Tammy has given the Voice a strong foundation to build on for the future. On December 18, 2002, AUSU Council passed the following resolution:
BIRT Council formally thanks Tammy Moore for her work and dedication to the Voice.
S. Barg/N. Palamarchuk – CARRIED (Unanimously)
Tammy’s contribution to the Voice will never be forgotten. I am proud to have had the opportunity to work with her during these last two years, and I am honoured to call her my friend. Although she has moved on to a new career that she loves, I know she leaves behind a paper she loves, and many dear friends. A thousand thank you’s, Tammy, for everything you’ve done for the Voice. May your future path continue to take you ever closer to realizing every one of your dreams. Good luck and farewell!
After writing this article I asked several of the regular Voice writers to add their comments about Tammy, and being writers, they have done so most eloquently. Here’s what they have to say:
I really enjoyed working with Tammy as the Editor for the Voice. I am not able to submit articles every week (although my New Year’s resolution is to submit more of them) and she was very supportive of the articles that I wrote and was very flexible about my schedule. I think that writing for The Voice is part of the AU experience and she contributed to my experience in a positive and supportive way.
… Teresa Neuman
Tammy put her heart, soul, and an extraordinary amount of her time into making the Voice a great paper to read and to look at. Her presence in the paper will be felt for a long time to come, and I will miss having an excuse to chat with her once a week. She has been a good friend, and a tireless editor. I wish her the best of luck with her very challenging new job! I’m certain that she will be one of those great, motivating teachers that students remember fondly for the rest of their lives.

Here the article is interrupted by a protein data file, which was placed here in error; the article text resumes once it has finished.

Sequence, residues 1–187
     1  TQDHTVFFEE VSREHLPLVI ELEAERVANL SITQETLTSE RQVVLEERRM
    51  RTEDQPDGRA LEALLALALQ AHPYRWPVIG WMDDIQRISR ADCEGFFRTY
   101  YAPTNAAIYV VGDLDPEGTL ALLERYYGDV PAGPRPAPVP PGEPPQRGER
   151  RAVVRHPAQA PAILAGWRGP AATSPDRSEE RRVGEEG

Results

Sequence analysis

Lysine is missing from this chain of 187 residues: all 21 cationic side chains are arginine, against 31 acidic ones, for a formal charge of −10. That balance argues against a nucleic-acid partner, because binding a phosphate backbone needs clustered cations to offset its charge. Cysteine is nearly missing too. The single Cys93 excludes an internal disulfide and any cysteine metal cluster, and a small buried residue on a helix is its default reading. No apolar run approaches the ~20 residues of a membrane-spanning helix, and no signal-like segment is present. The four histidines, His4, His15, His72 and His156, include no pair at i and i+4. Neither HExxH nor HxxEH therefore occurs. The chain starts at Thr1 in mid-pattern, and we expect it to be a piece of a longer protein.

… Tamra Ross Low
Tammy was more than an editor, she was a wonderful friend. If I had a question she was always on it. I take the blame –for our losing her. I “fixed” her wealth corner at home with my feng shui suggestions–she did as I suggested, got her dream job and left us. I miss her already.
… Laura Seymour
In an industry where editors are known to have more colourful personalities than actors, I found Tammy to be very professional and knowledgeable. She always gave me encouraging praise and dealt with every issue in a timely fashion. Tammy was a true pleasure to work with and I believe has earned a star on the editor’s walk of fame! Tammy’s contributions to The Voice could never be accurately measured and she will most definitely be missed for a long time to come. Congratulations to Tammy on finding the teaching job of her dreams and best of luck to her in the future.
… Diane L.M. Cook
I’m personally very sorry to see Tammy leaving the Voice. In addition to exhibiting a very high degree of professionalism, she has always shown great dedication to the published representation of our student body and to “her writers”. In the nearly three years that I have known and interacted with Tammy, she has always been happy and bubbly which I have found to be extremely inspirational as a writer and as a friend. Although she is leaving the Voice, I hope she remains a part of my life by keeping in touch through correspondence. As much as I feel her departure is a great loss to our publication and the students at AU as a whole, I am happy in the knowledge that she is doing what she desires and has worked toward academically for years. Thanks for the motivation Tammy and I wish you well in your new and exciting career.
… Wayne E. Benedict
I’m really happy to get this chance to thank Tammy for her inspirational attitude towards her writers, and her dedication to the Voice. Tam – you were the best editor an aspiring writer could hope for. Your encouragement over the last year gave me the confidence to submit to other publications, and to have faith in what I love – writing. While I’m truly thrilled for you as you embark on this new and exciting path, I’m going to miss you terribly. Best of luck – you’ll do great!
… Zoe Dalton
As the editor of the Voice, Tammy was wonderful for how she always encouraged each writer to find and use their own voice. While we may be sad that she’s leaving us, we can take joy in knowing that she will now be encouraging our young students and the next generation of Voice writers.
… Karl Low